Wednesday, 13 October 2010

Old Calton Cemetery

I hadn’t planned to go there – either in person or in post – but the last post just sort of led us there, didn't it?


Bill's brother-in-law, Chris, is famous for needing to see every crook and corner of any place he visits and, though you might not know by looking, he has way more stamina than sense to quit.  I remember my first trip to Australia when he tried to show me every thing there was to see, bless him, and I was walked off my feet.  Jane has developed some coping strategies, I gather, but she has my fullest admiration.  

 

We were waiting to get in touch with Simon and Sarah who had been off doing their own thing for a while and so we had time to take in this unexpected find.  It wasn't until I was inside that I realised it was the exact place I'd photographed from above.


There were the usual large stones with entire families listed, including any number of very young children and multiple wives who probably died in childbirth, but also quite a few folk in their 70s and 80s.  

 
We found these little enclosures interesting, with writing on the outside walls or plaques within.  Only one had any sort of roof, just metal bars across the top so I couldn't tell how they were originally intended to look.

 

The other thing of interest was this  large monument to the deaths of Scottish-Americans in the American Civil War, erected about 30 years after the fact.  Maybe it took that long to scrape together the money, I don't know.


I'm always up for visiting an old cemetery, strange as that may sound.  I'm in awe of the huge monuments and fascinated by the outline of a family's existence and passing recorded there; it's just enough of a sketch to let you begin to envision their lives and the time in which they lived.  

 

No doubt the actual life stories would normally not be that interesting if written down, but give my imagination something to chew on and it's away!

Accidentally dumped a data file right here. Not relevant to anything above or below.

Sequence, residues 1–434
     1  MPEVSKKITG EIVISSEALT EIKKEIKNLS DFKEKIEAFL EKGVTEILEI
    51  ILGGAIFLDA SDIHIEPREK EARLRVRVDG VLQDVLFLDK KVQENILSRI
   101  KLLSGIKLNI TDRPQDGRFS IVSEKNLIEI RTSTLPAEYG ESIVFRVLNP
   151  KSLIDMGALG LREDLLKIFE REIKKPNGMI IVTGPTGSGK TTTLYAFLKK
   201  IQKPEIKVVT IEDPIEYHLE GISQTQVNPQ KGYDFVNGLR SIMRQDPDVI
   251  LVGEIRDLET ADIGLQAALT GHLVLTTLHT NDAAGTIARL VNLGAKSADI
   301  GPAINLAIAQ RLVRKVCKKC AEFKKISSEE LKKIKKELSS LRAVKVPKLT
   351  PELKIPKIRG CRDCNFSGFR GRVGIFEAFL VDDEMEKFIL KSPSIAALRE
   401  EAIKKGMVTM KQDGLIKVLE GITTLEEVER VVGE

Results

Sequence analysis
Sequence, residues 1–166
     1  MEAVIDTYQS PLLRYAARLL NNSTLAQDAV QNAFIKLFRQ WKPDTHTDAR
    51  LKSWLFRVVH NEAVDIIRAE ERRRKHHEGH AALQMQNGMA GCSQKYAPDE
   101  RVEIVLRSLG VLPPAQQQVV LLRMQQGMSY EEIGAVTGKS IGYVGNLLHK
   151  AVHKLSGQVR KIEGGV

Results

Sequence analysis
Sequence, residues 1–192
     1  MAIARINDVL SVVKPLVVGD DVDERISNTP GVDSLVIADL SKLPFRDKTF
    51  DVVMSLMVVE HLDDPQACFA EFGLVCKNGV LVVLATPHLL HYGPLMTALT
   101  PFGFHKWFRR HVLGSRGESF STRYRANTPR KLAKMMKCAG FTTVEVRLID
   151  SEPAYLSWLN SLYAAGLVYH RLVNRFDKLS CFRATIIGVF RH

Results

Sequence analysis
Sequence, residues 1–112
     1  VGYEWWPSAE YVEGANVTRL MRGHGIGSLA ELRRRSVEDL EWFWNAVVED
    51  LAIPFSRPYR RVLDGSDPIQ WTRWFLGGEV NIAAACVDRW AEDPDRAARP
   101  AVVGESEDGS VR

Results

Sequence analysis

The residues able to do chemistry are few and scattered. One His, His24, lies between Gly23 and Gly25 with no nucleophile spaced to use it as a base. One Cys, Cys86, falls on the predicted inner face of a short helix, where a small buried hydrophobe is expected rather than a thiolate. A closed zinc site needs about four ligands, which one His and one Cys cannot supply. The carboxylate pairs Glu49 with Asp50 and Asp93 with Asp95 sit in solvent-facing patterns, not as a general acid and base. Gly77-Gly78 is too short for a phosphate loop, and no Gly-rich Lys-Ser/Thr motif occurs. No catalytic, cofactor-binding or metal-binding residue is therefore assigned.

Do you feel that way about old cemeteries?

5 comments:

Jo said...

Yes old cementeries are interesting seeing how far back the dates are. Did you go to Fort Reno when you were going across Route 66? That is interesting not only to see the dates, but the countries people came from. It is hard to believe that soldiers were sent all the way to OK.

Shelley said...

No, we didn't make it to Fort Reno, I don't think. Where were the soldiers from and why were they sent to OK? (What war?)

Jo said...

It was during WW II that German and Italian were sent over. Here is a website. Interesting! http://www.fortreno.org/history.htm

Rick Stone said...

German and Italian POW's were brought to Fort Reno, and other places throughout the country during WWII. The idea was to remove them from Europe so if they escaped they could not rejoin the war effort. Several of them died while at Fort Reno and are buried in the old Fort Cemetary. It has been said that many of the German prisoners were convinced that Germany would win the war when they arrived in the US. As they were taken to prison camps, by train, across the country and saw how big this country is they then decided there was no way Germany could defeat us.

Struggler said...

I'm not sure how I feel about cemeteries; they're definitely somber places, and perhaps a reminder I don't need of where we're all headed one day.
As you say, there are always some poignantly short lifespans on the stones.